Samuel Johnson’s A Dictionary of the English Language: A Narrative?

Smacholdt's picture

 

Samuel Johnson’s A Dictionary of the English Language: A Narrative?

 

The publication of Samuel Johnson’s A Dictionary of the English Language in 1977 was surely one of the most momentous events in the evolution of the English language. After nearly nine years of work Johnson produced a dictionary that included the etymology of words and their definitions. In a Serendip blog post, one student said, “What fascinates me about Johnson’s work is that because he was the first to [write a comprehensive English dictionary], how much of his dictionary did he report as existed, and how much of it did he write into being?” (http://serendip.brynmawr.edu/exchange/node/8154) When one imagines narrative prose on a spectrum from least narrative to most, many would likely argue that the dictionary is the least narrative, as far way from traditional narratives as possible. However, A Dictionary of the English Language proves this assumption false. The dictionary shows how individual words can form a complex narrative of meaning and change. Samuel Johnson himself defines narrative as “a relation, an account, or a story” and his dictionary is a clear a story of how language changes. This is invaluable to the study of non-fictional prose (defined by the encyclopedia Britannica aswriting intended to instruct, to persuade, to convert, or to convey experience or reality…” (Nonfictional prose). As we struggle to contextualize the world around us through the study of non-fiction, A Dictionary of the English Language can aid us in this endeavor.

Samuel Johnson’s aim in writing A Dictionary of the English Language is clearly expressed in his introduction. “…only to remove rubbish and clear obstructions from paths of learning and genius” (Johnson). He goes on to say that he found the English language “copious without order.” Johnson wished to make the language more uniform by correcting “improprieties and absurdities.” By writing one of the first dictionaries providing the origin and scholarly use of English words, Johnson indeed added to the articulateness of the academic world. Through the appropriate use of words come clear and articulate ideas. Johnson’s work was more far-reaching than just defining English words. His dictionary allowed knowledge to be spread more easily from person to person through the newly standardized language.

Johnson also attempted to pin down the meanings of specific words, while still understanding that not all words can be pined down to precise meanings. He says, “the explanation and the word explained should always be reciprocal.” He also explains that words are rarely exact synonymous of each other. In addition, “the deficiency of certain terms can very seldom by supplied by circumlocutions.” He points out that other words almost don’t need definitions because their meanings can be inferred simply from their contexts. Although, some words are difficult to pin down at all. Some examples he gives of this are “bear, break, come, cast, full, get, give, do, put, set, go, run, make, take, turn, and throw.”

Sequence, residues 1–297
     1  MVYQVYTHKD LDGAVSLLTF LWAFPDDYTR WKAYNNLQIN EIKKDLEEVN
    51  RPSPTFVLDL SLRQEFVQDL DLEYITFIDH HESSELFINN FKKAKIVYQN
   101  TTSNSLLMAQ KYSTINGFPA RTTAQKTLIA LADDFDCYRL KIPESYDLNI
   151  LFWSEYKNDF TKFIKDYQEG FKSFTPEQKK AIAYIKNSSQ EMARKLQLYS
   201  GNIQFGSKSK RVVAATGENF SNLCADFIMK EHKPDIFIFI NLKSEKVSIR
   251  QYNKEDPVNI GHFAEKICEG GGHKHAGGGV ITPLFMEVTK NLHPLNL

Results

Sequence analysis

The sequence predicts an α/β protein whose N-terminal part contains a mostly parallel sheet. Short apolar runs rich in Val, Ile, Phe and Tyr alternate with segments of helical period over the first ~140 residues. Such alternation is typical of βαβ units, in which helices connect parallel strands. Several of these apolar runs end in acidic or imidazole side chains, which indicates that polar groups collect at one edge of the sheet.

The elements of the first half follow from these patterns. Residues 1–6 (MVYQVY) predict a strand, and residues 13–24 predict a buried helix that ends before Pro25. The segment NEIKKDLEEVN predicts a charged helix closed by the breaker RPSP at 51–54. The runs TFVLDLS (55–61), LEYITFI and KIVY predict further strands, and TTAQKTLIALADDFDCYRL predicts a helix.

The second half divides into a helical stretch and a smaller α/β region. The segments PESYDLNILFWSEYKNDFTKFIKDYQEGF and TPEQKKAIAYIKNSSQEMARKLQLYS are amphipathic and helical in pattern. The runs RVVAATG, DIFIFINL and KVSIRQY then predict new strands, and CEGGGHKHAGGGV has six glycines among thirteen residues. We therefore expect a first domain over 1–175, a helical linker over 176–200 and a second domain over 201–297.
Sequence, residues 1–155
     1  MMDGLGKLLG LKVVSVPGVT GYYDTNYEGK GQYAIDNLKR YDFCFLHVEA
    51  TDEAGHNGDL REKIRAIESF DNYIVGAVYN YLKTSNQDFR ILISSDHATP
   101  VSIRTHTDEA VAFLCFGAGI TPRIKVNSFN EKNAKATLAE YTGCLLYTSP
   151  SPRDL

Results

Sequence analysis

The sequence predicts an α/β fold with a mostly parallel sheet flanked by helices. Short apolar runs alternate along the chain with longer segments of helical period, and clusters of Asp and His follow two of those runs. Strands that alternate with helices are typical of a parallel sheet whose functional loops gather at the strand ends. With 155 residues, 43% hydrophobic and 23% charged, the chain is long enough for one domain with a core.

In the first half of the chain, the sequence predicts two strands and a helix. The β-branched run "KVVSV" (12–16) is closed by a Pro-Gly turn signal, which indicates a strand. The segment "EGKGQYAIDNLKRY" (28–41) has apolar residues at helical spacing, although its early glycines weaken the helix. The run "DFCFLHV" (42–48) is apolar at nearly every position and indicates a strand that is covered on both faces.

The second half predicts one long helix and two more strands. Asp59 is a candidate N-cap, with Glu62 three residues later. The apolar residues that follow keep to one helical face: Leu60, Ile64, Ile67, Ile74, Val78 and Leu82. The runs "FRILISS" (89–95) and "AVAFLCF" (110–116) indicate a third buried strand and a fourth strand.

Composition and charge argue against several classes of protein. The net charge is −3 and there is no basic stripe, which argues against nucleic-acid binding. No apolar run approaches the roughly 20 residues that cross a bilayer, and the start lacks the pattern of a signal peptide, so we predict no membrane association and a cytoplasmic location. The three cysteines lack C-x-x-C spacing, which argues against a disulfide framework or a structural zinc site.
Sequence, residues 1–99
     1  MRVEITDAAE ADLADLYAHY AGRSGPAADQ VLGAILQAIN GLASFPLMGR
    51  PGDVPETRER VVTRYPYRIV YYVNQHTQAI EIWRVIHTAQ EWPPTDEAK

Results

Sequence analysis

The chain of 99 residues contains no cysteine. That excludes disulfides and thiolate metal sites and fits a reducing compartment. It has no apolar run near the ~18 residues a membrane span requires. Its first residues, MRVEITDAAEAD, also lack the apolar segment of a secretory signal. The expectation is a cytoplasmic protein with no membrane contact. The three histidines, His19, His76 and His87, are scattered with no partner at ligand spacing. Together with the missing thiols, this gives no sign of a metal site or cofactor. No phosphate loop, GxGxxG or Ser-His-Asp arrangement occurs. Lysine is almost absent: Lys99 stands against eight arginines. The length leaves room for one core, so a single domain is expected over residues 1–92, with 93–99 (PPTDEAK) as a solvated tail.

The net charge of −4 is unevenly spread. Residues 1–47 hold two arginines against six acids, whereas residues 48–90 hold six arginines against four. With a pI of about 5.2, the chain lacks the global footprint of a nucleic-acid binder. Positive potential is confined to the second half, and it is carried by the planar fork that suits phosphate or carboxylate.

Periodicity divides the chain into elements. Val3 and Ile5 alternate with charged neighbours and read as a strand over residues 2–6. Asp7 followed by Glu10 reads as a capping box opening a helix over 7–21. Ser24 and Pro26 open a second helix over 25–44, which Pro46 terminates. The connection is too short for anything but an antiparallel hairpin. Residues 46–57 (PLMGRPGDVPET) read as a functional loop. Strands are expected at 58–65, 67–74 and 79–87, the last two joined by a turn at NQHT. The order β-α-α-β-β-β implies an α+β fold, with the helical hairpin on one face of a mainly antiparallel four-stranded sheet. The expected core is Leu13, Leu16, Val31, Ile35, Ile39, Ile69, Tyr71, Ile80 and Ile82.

The class had differing opinions on the idea of pinning words to fixed and rigid definitions. One member of the class felt that, “we shouldn't be looking for words but rather have senses of the words so they are shaped by their context rather than something more specific” (http://serendip.brynmawr.edu/exchange/node/8277). If words are given precise definitions, this takes away their freedom to develop. In fact, if words are not allowed to change in this narrative way, the English language might not even exist, or if it did, it would be vastly different from the language we speak today. Ckosarek adds, that a better way of allowing language to evolve narratively is to treat word as the Greeks and Latins did, by giving them “senses” and defining them by their framework rather than by set a definition (http://serendip.brynmawr.edu/exchange/node/8262).

Languages by nature are malleable and undergo significant change through time. This is one aspect of A Dictionary of the English Language that gives it a narrative structure. The form of the entries include the language from which the word originally derives, and the meaning(s) of the word, each followed by an example sentence, poem, or prose to exemplify the meaning of the word. For example,

Etymology- n [etymologia, Latin]

1. The descent or deviation of a word from its original; the deduction of formations from the radical word; the analysis of compound words into primitives.

Consumption is generally taken for any universal diminution and colliquation of the body, which acception its etymology implies. Harvey on Consumptions.

When words are restrained, by common usage, to a particular sense, to run up to etymology, and construe them by dictionary, it is wretchedly ridiculous. Collier’s View of the Stage.

Pelvis is used by comic writers for a good looking-glass, by which means the etymology of the words is visible, and pelvidera will signify a lady who looks in her glass. Addison’s Spectator.

If the meaning of a word could be learned by its deviation or etymology, yet the original deviation of words is oftentimes very dark. Watt’s Logick.

2. The part of grammar which delivers the inflections of nouns and verbs (Johnson).